The presence or absence and severity of obstructive sleep apnea (OSA) must be determined before initiating treatment in order to identify those patients at risk of developing the complications of sleep apnea, guide selection of appropriate treatment, and to provide a baseline to establish the effectiveness of subsequent treatment. Diagnostic criteria for OSA are based on clinical signs and symptoms determined during a comprehensive sleep evaluation, which includes a sleep oriented history and physical examination, and findings identified by sleep testing (Standard).
The overall evaluation of patients suspected of having OSA is summarized in Figure 1 of the original guideline document.
History and Physical Examination
The diagnosis of OSA starts with a sleep history that is typically obtained in one of three settings: first, as part of routine health maintenance evaluation; second, as part of an evaluation of symptoms of obstructive sleep apnea; and third, as part of the comprehensive evaluation of patients at high risk for OSA. High-risk patients include those who are obese; those with congestive heart failure, atrial fibrillation, treatment refractory hypertension, type 2 diabetes, stroke, nocturnal dysrhythmias, pulmonary hypertension; high-risk driving populations (such as commercial truck drivers); and those being evaluated for bariatric surgery (Consensus).
Questions to be asked during a routine health maintenance evaluation should include a history of snoring and daytime sleepiness and an evaluation for the presence of obesity, retrognathia, or hypertension (Consensus). Positive findings on this OSA screen should lead to a more comprehensive sleep history and physical examination.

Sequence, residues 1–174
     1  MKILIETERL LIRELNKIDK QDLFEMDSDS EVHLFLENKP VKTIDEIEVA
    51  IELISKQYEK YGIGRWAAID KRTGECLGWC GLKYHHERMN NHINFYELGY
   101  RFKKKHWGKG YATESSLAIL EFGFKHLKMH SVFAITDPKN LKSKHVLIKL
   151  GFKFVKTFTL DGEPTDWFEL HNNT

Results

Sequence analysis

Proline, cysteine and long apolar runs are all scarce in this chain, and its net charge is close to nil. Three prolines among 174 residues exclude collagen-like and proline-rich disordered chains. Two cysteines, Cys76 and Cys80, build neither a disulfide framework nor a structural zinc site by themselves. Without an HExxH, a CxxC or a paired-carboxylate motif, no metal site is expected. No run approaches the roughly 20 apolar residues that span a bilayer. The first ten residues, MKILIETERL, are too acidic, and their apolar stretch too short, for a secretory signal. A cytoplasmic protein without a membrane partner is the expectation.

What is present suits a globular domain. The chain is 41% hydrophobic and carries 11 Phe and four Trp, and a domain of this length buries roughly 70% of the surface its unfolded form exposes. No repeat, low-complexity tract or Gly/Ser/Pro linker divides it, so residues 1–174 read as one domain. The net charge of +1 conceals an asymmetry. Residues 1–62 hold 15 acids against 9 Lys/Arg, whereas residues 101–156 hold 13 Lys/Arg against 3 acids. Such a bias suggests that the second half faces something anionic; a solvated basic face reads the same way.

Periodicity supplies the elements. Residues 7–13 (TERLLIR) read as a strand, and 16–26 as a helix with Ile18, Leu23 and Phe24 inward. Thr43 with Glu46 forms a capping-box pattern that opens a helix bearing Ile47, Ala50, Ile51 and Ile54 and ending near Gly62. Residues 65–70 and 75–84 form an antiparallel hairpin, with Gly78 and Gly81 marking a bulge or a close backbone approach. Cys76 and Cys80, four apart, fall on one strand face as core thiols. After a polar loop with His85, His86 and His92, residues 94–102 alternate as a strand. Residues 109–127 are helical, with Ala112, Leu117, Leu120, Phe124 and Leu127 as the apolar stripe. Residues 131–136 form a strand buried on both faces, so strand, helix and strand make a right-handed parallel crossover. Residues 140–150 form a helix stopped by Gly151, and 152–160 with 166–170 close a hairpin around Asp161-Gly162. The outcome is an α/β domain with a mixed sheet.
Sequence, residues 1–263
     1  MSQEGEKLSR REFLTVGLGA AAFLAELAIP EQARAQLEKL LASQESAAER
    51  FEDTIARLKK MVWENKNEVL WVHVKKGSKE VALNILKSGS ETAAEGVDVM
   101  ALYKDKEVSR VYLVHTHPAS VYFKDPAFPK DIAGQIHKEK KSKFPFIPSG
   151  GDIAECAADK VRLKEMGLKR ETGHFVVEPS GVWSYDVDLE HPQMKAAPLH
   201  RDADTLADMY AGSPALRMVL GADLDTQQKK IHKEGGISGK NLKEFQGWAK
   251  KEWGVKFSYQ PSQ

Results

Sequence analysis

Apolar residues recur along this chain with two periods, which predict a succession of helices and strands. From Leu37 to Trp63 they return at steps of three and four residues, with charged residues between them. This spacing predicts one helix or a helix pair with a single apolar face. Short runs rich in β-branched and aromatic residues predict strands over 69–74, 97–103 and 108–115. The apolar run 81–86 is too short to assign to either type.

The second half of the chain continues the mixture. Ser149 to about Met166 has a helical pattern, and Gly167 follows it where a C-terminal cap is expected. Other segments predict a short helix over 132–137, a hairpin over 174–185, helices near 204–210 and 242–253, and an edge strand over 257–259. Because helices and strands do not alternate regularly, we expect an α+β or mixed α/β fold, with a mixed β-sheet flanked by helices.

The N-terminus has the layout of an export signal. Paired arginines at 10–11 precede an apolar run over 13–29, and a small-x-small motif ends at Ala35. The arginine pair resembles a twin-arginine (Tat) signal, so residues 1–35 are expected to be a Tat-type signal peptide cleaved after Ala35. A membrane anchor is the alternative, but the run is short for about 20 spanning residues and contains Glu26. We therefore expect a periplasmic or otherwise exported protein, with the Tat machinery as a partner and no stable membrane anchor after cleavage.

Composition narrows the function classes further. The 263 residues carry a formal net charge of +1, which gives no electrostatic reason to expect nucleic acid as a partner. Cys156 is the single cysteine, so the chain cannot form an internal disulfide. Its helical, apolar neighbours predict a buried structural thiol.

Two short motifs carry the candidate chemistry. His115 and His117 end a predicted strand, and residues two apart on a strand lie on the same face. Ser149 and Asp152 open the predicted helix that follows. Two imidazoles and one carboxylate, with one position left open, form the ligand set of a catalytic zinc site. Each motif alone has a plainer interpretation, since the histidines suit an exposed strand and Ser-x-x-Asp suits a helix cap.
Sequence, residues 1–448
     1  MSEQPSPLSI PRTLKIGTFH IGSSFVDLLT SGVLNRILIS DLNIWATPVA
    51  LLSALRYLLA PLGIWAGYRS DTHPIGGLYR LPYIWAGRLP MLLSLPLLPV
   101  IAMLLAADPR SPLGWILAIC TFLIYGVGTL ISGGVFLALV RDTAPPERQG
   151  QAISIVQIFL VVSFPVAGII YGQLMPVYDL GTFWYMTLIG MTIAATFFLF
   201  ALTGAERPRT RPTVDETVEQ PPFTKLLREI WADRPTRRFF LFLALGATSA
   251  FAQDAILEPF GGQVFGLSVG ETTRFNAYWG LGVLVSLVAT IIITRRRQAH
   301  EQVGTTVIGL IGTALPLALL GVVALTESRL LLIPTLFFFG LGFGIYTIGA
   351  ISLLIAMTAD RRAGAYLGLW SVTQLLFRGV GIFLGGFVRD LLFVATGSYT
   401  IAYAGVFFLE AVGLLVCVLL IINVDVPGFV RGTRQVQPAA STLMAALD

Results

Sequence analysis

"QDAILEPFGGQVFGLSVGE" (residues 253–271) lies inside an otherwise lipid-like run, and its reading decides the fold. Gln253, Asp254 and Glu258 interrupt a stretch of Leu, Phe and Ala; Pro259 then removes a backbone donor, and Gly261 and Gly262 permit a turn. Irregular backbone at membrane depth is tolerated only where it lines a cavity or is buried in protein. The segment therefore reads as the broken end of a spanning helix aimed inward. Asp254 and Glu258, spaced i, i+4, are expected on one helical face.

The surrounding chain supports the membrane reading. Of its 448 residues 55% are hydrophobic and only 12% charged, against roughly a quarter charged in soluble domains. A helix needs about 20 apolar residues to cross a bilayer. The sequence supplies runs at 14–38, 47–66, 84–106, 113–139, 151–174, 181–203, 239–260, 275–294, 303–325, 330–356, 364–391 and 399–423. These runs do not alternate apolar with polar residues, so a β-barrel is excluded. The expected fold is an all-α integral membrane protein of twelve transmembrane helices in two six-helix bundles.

A comprehensive sleep history in a patient suspected of OSA should include an evaluation for snoring, witnessed apneas, gasping/choking episodes, excessive sleepiness not explained by other factors, including assessment of sleepiness severity by the Epworth Sleepiness Scale, total sleep amount, nocturia, morning headaches, sleep fragmentation/sleep maintenance insomnia, and decreased concentration and memory (Consensus). An evaluation of secondary conditions that may occur as a result of OSA, including hypertension, stroke, myocardial infarction, cor pulmonale, decreased daytime alertness, and motor vehicle accidents, should also be obtained (Consensus).
The physical examination can suggest increased risk and should include the respiratory, cardiovascular, and neurologic systems. Particular attention should be paid to the presence of obesity, signs of upper airway narrowing, or the presence of other disorders that can contribute to the development of OSA or to the consequences of OSA. Features to be evaluated that may suggest the presence of OSA include increased neck circumference (>17 inches in men, >16 inches in women), body mass index (BMI) ≥30 kg/m2, a Modified Mallampati score of 3 or 4, the presence of retrognathia, lateral peritonsillar narrowing, macroglossia, tonsillar hypertrophy, elongated/enlarged uvula, high arched/narrow hard palate, nasal abnormalities (polyps, deviation, valve abnormalities, turbinate hypertrophy) and/or overjet (Consensus).
Following the history and physical examination, patients can be stratified according to their OSA disease risk. Those patients deemed high risk should have the diagnosis confirmed and severity determined with objective testing in an expedited manner in order to initiate treatment. For other patients, the timing of further testing is determined by the risk of OSA and the presence of daytime impairment or associated morbidity. As part of the initial sleep evaluation, and prior to objective testing, patients should receive education regarding possible diagnoses, diagnostic steps, and the procedure involved in any testing (Consensus).